Editorials

Stop calling us, Heather! Here's how to stop robocallers in Mississippi

If politicians are true to their word, the days of runaway robocalls could be numbered.
If politicians are true to their word, the days of runaway robocalls could be numbered.

If you live in South Mississippi, chances are you know "Heather."

You answer the phone and say hello.

Then there's a familiar, ominous silence and a click.

Then the relentlessly cheerful, but somewhat disembodied voice of "Heather." She's calling because you have stayed at one of their resorts. You haven't. But even if you say so, "Heather" steams ahead.

You hang up in midsentence. A coworker nods and asks "Heather?"

In March alone, Mississippi was invaded by 31.3 million robocalls, according to the YouMail Robocall Index. The 228 area code received 2.8 million. Jackson, which rarely rates near the top in anything, is in the Top 50 most robocalled cities. Last year, the state received a record 325 million robocalls, a record it is on pace to shatter.

Sen. John Thune, chairman of the Committee on Commerce, Science, and Transportation that held a hearing on abusive robocalls last week, said Democrats and Republicans likely agreed on at least one issue. The need to rein in the "Heathers" of the world.

We agree. Consumer advocates, such as the National Consumer Law Center, agree. The FCC needs to do more to stop them. Among the suggestions given to the Senate committee:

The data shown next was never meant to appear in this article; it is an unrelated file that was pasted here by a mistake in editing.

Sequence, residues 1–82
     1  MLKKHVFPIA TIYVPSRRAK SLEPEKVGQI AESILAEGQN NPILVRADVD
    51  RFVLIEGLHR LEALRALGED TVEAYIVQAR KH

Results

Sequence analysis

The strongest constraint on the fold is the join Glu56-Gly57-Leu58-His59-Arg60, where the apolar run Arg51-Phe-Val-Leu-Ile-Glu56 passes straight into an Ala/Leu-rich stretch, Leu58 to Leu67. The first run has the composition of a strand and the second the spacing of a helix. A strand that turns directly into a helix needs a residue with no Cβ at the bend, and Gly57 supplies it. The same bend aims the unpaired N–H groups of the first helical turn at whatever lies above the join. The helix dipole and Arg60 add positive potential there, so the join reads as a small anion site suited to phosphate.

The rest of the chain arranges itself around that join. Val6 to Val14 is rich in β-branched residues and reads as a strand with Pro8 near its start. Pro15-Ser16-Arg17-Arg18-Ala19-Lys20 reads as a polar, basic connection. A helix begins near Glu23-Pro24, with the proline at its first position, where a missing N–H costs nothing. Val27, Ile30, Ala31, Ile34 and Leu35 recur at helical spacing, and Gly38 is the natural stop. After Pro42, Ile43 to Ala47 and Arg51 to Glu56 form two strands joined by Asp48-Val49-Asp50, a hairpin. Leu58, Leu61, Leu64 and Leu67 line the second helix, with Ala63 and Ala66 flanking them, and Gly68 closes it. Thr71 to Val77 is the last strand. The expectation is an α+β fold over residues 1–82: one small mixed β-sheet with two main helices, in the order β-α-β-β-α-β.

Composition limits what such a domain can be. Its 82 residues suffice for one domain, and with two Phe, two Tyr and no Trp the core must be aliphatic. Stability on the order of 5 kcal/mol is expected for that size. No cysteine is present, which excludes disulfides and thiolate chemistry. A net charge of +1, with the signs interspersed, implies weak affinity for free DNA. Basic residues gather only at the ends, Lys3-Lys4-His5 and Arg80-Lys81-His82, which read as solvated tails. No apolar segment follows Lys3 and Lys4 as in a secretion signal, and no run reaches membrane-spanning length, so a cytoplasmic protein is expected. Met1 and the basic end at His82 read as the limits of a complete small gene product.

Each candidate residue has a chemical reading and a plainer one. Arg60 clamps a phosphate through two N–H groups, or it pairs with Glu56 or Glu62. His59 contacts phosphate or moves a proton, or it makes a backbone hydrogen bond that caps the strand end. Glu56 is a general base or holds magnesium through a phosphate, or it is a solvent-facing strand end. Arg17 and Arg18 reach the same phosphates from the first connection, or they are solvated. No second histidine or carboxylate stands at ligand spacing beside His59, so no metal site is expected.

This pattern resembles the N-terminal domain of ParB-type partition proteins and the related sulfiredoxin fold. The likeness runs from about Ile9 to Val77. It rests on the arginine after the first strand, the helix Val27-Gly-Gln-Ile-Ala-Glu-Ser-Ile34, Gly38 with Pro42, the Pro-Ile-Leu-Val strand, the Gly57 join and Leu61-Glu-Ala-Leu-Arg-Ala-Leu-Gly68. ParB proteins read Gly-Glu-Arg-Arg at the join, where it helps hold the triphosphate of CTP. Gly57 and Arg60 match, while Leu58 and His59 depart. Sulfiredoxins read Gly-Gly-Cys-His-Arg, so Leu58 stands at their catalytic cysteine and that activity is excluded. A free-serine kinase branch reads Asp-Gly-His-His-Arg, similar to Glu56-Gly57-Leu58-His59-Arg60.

Ensure that the Telephone Consumer Protection Act of 1991 covers automated calls and texts to cell phones.

Regulate caller ID spoofing.

Make phone companies offer call blocking systems.

Make it easier for consumer to opt out of robocalls and texts.

Mississippi Public Service Committee Chairman Brandon Presley also has heard enough from "Heather." He's having the PSC staff investigate how much money, if any, phone companies make off the calls. And he's asking the PSC, which already has an app that makes getting on the do-not-call list easy, to require the companies to offer free robocall blocking technology. He wants to stop ID spoofing, too, and he's willing to stop awarding federal money that passes through the PSC to any company that does not cooperate.

"No one could do more to stop the scourge of robocalls than cellular companies," Presley said. "The companies could and should be doing more. Some have apps, some don’t but all of them should explain to the PSC what they are doing to stop these calls before we approve one more penny of federal money."

We agree. Goodbye, Heather.

The editorial represents the views of the Sun Herald editorial board. Opinions of columnists and cartoonists are their own.
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